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Thread: To carry hot or not?

  1. #41
    [QUOTE=ChDangerfield;457091]Glock does not recommend one in the chamber for liability sake.

    Yes, for THEIR Liability, what about YOURS?



    Quote Originally Posted by JimSmitty View Post
    I live in/travel in Northern NH and VT. Not much of a need to carry hot. If I lived in Bridgeport, CT, I would carry hot always.
    Ok, All BS aside, I'm not trying to be a douche, but that's the stupidest thing I've ever heard. It's no different than the "I live in a good neighborhood, I don't need a gun" argument. Do you think an armed encounter with a criminal is somehow different in the mountains of NH or VT vs Bridgeport. If you need your gun, you need your gun RIGHT THEN, and you need it usable, period! I like a lot of people were a little weird carrying with one in the pipe at first. Then a did a training course with some dummy guns that mechanically functioned the same. We had our "threats" come at us in all different ways, we carried OC and CC and saw first hand how much of a bad idea carrying unloaded really is. I was "shot" and disarmed by the badguy mulitple times when unloaded, only once when "loaded". It was a HUGE eye-opener. I got over my fear of carrying hot THAT day!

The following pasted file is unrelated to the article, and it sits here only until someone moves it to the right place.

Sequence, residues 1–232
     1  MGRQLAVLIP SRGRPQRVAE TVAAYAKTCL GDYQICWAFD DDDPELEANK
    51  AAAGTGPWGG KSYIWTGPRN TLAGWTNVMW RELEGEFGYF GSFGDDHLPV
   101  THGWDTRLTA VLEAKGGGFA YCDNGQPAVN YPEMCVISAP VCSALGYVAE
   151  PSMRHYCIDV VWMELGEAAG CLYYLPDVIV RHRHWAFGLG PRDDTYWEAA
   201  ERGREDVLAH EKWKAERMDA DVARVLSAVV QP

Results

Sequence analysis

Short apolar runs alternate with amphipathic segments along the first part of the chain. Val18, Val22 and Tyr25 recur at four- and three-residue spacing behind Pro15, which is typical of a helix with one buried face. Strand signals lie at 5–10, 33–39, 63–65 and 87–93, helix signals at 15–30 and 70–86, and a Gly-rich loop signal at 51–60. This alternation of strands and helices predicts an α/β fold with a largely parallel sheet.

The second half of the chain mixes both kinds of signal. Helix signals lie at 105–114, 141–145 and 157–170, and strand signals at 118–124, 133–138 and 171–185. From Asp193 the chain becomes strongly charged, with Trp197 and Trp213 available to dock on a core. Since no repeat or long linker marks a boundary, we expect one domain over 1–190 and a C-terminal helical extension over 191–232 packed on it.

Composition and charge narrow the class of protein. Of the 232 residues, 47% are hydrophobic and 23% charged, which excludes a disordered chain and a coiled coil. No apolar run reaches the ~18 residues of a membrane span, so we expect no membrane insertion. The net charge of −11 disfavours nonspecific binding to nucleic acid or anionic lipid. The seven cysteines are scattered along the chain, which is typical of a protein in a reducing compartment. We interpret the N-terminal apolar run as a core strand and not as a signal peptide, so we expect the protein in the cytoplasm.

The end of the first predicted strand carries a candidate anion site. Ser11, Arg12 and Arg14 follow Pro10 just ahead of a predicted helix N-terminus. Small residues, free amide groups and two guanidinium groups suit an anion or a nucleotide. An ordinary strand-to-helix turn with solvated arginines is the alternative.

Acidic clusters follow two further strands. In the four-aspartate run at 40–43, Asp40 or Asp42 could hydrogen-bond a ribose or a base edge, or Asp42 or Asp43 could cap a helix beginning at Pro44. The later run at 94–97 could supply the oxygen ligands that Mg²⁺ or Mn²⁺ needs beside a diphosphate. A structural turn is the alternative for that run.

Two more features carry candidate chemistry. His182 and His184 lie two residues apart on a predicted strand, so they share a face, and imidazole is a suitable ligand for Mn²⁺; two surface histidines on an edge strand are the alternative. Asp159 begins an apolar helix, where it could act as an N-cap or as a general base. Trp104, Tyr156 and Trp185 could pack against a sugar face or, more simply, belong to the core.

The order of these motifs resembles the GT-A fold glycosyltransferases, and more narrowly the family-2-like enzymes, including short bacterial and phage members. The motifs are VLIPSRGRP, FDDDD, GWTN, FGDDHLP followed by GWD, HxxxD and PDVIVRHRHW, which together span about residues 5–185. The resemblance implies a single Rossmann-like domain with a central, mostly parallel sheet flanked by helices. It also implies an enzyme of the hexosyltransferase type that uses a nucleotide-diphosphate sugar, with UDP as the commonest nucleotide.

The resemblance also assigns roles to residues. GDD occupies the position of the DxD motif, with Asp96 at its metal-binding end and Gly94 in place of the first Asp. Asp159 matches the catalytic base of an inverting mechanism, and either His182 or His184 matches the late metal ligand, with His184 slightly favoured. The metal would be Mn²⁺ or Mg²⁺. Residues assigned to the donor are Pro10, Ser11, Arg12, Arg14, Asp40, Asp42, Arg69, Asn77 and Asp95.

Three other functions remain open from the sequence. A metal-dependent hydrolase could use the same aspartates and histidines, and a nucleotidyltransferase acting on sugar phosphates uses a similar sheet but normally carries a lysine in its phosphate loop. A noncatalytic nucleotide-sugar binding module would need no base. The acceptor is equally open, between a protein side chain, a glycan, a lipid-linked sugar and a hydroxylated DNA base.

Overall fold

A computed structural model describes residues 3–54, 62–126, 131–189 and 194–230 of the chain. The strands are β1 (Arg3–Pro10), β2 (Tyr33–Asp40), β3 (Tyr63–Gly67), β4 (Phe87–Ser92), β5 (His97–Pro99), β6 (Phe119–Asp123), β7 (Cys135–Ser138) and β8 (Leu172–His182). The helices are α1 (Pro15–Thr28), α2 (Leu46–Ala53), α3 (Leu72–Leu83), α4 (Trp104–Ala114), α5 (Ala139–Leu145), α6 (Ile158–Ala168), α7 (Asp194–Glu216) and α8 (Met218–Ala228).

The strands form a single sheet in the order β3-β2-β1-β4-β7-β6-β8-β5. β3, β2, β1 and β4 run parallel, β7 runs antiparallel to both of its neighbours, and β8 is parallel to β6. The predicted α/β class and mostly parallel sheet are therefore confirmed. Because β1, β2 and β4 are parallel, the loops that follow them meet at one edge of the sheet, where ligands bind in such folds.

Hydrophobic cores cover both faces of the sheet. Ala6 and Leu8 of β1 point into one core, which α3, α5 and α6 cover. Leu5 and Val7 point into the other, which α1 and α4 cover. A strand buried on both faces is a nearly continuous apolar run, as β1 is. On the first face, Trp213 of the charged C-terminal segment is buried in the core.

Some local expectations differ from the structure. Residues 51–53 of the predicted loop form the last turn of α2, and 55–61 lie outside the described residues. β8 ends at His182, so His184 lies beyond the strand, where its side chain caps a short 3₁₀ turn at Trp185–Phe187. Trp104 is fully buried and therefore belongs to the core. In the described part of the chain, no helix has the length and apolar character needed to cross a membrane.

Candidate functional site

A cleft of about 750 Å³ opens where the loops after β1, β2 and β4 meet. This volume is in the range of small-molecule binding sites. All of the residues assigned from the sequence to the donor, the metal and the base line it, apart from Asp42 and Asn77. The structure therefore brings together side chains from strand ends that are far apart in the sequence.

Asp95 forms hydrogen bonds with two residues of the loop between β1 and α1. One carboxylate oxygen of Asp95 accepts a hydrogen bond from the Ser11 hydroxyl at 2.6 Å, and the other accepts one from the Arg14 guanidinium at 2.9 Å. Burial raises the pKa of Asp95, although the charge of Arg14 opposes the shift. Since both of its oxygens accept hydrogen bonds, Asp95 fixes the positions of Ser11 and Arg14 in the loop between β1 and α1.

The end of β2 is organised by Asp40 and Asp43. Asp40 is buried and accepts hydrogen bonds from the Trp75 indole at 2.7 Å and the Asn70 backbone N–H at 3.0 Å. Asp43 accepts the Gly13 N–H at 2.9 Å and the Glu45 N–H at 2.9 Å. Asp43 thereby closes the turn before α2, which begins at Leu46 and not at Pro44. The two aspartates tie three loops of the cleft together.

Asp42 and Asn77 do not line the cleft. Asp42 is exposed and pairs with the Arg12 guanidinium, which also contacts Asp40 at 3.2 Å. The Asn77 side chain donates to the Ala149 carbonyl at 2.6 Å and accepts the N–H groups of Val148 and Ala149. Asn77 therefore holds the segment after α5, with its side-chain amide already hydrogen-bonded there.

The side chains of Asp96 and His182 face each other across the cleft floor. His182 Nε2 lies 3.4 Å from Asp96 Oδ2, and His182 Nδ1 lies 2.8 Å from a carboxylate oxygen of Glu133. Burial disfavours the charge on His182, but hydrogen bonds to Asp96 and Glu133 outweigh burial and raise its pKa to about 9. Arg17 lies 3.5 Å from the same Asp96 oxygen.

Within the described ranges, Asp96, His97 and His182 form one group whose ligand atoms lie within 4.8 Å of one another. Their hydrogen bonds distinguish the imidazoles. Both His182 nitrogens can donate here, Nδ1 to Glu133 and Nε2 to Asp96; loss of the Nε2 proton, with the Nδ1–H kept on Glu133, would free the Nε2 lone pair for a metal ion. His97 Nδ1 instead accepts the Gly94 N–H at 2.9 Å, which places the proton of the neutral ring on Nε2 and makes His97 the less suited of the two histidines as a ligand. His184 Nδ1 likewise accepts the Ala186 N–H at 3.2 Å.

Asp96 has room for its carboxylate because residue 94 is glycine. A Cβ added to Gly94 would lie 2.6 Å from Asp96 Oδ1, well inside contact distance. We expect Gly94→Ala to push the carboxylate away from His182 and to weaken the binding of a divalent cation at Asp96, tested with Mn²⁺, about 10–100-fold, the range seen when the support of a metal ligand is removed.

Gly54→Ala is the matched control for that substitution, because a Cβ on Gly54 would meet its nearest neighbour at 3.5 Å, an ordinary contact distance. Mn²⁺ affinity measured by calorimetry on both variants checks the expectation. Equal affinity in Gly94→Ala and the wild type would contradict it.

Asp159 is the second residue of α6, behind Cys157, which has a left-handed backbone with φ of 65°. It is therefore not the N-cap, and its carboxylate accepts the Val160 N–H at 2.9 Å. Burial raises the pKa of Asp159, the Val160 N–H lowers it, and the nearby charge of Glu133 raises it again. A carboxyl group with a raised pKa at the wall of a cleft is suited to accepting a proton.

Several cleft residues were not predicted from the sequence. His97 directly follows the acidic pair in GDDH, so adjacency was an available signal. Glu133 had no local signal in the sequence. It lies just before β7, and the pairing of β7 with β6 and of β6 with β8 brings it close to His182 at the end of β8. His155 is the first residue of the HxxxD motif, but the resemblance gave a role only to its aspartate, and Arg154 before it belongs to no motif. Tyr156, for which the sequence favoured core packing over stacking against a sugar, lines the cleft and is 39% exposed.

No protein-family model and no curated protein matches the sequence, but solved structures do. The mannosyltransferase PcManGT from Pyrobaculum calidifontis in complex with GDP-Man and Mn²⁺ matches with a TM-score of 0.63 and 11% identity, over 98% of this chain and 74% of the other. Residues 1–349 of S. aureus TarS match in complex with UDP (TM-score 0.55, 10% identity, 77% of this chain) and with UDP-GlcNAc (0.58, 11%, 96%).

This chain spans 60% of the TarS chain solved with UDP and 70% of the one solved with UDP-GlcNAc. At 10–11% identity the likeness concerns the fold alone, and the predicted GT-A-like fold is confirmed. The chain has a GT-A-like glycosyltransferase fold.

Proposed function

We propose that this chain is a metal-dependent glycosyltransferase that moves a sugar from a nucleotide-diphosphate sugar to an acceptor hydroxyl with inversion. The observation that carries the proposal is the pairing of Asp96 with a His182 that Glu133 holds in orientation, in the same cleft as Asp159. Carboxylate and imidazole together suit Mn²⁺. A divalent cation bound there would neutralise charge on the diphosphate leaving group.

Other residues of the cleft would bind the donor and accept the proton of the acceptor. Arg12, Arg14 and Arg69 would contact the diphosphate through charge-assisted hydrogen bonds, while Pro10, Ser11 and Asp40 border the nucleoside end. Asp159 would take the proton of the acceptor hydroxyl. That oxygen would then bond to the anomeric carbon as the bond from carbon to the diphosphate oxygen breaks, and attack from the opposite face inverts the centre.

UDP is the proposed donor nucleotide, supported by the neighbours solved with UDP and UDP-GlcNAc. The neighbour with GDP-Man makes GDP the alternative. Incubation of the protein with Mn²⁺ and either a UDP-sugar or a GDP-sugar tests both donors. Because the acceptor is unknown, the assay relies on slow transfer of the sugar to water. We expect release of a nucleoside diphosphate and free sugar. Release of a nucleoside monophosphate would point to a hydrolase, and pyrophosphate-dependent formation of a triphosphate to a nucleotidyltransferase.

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  3. #42
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    Quote Originally Posted by jfjfxray View Post
    I'm still fairly new to carrying, so my question is..should I carry hot or not?..why why not? Thank you for any info, and remember I'm still new to carrying so I want as much info as I can get so I can make an educated decision. Sorry if this has been asked already.
    An unloaded gun is a club. Load it, carry it and don't pet it. You'll get comfortable with this after a while.
    GOD, GUNS and GUITARS

  4. #43
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    Quote Originally Posted by njsportsman View Post